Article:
The words ‘great again’ in relation to America have now become part of our daily lexicon. They are heard nearly every day and are pretty much guaranteed to echo through the next few years whether with hope or huh?  They are meant to be a bold yet nostalgic rallying cry. Each time I hear the phrase I find myself scratching my head. I can’t seem to nail down the period in history when our American lives were perfect enough, great enough for an encore.

If a handy time machine could transport us to the past, where exactly would we land? What era would our GPS point to? Would we be whisked back to the time we helped our entitled selves to the land of the true Native Americans, elbowing them out of the way? Or when we bought, sold, traded slaves to build a spanking new country where WE could be free? Maybe it was those scary days when we were kids and the Cold War sent us scurrying beneath our desks. Those good ol’ days also included ‘colored’ drinking fountains, gays who were forced to remain in the closet – and women in the kitchen.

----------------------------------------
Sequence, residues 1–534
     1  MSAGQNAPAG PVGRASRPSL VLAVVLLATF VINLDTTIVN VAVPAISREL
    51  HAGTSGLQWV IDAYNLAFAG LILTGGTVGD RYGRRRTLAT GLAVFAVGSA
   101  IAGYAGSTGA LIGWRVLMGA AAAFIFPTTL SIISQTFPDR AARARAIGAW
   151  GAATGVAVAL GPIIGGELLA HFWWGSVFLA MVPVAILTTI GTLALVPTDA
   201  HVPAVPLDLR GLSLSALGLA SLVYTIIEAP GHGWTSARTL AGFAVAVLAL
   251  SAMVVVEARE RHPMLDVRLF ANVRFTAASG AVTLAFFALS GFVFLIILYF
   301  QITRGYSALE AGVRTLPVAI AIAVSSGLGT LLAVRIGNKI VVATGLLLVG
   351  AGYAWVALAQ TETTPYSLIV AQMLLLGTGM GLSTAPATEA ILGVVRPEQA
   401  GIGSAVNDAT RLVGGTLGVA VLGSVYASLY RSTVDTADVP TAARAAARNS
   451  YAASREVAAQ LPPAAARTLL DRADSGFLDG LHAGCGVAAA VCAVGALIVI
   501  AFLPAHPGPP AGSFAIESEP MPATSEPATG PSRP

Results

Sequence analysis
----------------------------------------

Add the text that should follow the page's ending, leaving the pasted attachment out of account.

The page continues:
I’m in advertising. I know snappy taglines sell things but I’m just having a problem wrapping my head around a ‘great again’ marketing slogan. I can’t seem to pinpoint the glorious golden age when all, regardless of color or gender were peaceful and happy.  Is our country truly great? You bet. But in a country of more than 318 million people of every diversity, having ups and downs, even in a single day, is part of the deal. It doesn’t make us less great; it makes great more fluid.

I’m old enough (not ancient, mind you) to have lived through several wars, from Vietnam and the Gulf War to Iran and Iraq. Living in a different time and different skin, I never experienced Jim Crow laws that brutalized a whole portion of our fellow Americans. They were the citizens sent to the back of the bus, and denied use of the same restrooms and drinking fountains as their white neighbors. As a woman, I was lucky enough not to have lived in a time when I couldn’t vote because of my ‘weaker’ sex. I was a young mom by the time Roe vs Wade signaled the end of back-alley abortions and same sex relations were taken off the list of criminal offenses. Our land of opportunity didn’t always gift those opportunities to everyone. For many — it still doesn’t. Continue reading “Across the GREAT Divide”